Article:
How a comprehensive strategy can enable the convergence of technology, people, and markets
By Neil Placer, EnerNex
Technology is advancing at an exponential rate across various industries and markets. It seamlessly encompasses all parts of our lives, from business operations and recreational activities to our daily interactions with social media. The digital revolution is in full swing and the name of the game is data – and more specifically, how data can be leveraged. As the old adage goes “knowledge is power”, but a more apt description of today’s world may be to say that “leveraging data is power”.
Historically, the electric utility industry has been somewhat insulated from changes occurring outside of their immediate control. This has enabled utilities to take a measured and orderly approach to “keeping the lights on”. This long-standing utility construct has been present in for over a century, but is now beginning to change. Electric consumers are now exposed to a growing array of available technology options provided by market forces operating outside of the utility “firewall”. To those within the electric utility industry these changes are clear and come as no surprise. What is not as clear is how the electric utility industry can strategically adapt to become a market competitor, rather than a market memory.
Ironically, utilities are no strangers to technology. In fact, the utility grid is one of the most complex and coordinated technological systems that exists. The key differentiators between utility technologies of the past and the future are twofold – they differ in source and substance. The sources of energy and energy management are shifting to the edge of the grid. Distributed generation, such as solar energy, along with energy management devices such as energy storage, demand response tools, and in-home energy devices are some of the key grid edge solutions. Collectively these solutions are grouped as distributed energy resources (DERs). Although much could be said about DERs, the focus of this article will be on the other side of the technology evolution – the shift in technology substance.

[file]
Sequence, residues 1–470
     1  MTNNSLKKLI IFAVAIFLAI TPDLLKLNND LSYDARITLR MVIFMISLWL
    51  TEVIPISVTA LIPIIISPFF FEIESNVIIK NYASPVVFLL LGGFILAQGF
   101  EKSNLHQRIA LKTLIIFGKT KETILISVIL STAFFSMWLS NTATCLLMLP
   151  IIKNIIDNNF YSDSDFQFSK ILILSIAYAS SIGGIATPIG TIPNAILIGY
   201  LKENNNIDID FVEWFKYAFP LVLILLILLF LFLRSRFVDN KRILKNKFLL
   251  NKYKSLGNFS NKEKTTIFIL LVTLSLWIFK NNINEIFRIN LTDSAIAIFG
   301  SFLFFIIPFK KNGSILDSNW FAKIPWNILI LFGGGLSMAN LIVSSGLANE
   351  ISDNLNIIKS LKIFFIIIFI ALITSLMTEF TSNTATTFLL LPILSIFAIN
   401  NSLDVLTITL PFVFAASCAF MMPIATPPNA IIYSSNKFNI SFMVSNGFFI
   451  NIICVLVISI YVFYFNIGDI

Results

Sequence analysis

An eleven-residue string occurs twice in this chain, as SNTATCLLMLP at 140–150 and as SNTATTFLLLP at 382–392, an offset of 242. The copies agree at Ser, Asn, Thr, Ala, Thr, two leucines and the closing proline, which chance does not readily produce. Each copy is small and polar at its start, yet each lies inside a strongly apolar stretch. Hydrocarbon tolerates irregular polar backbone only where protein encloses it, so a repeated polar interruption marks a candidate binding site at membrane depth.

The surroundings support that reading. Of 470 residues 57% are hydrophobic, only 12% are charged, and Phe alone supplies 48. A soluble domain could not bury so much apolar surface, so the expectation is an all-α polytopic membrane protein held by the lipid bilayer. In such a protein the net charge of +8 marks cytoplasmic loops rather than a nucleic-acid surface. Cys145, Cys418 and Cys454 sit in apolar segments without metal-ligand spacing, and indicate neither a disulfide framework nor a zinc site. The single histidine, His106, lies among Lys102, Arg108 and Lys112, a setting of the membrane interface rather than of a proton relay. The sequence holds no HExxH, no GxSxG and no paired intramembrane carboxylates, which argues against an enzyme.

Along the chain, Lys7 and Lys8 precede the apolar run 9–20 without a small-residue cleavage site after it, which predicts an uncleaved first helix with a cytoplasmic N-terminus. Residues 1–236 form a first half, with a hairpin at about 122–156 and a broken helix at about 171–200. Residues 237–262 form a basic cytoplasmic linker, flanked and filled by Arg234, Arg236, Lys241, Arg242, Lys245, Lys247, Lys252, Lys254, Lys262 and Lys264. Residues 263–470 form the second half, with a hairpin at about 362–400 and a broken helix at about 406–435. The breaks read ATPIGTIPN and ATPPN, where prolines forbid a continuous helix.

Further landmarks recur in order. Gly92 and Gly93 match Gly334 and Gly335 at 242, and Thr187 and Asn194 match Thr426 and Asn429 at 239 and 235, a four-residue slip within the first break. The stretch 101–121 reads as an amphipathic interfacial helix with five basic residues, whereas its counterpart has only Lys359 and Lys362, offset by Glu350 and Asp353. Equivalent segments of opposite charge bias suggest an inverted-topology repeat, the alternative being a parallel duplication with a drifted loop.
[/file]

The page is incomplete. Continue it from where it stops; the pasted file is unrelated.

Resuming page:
Utility technology solutions are also shifting from a focus on electrons to data. This is not to imply that electrons are by any means disappearing; after all, the electric utility industry would cease to exist apart from electrons. This is to say, rather, that the management of electrons and the associated data governing energy use is enabling this fundamental shift. In other words, the electric utility is moving from electron-only management to electrons plus data management.
A diversified energy portfolio has been one of the key tenants for success in the electric utility industry. Similar to a prudent financial investment portfolio, a diversity of energy resources keeps all of the utility “eggs” from being placed in one basket. But what happens when these “eggs” are gradually being transferred to new “distributed baskets”? The simple answer is that utilities need to begin to build diversity in terms of baskets rather than only eggs. One of the solutions for “basket diversification” is data.
Because of this, technology presents a bit of a paradox. At the same time, technology is both the biggest challenge to utility survival and the greatest opportunity for utility success. Data enables utilities to build new “data baskets” whose “eggs” are services provided to their customers or other external markets. Essentially, data becomes a means for utility diversification by being both a seamless provider of energy (electrons) and services (data-driven amenities). Changes in technology sources and substance are therefore moving the utility industry from a historic era of generation diversification to a new era of revenue diversification. The utility conversation will no longer solely revolve around the balancing of gas, coal, nuclear, and renewables, but will be focused on the types of services that can be provided to usher in a cleaner energy future.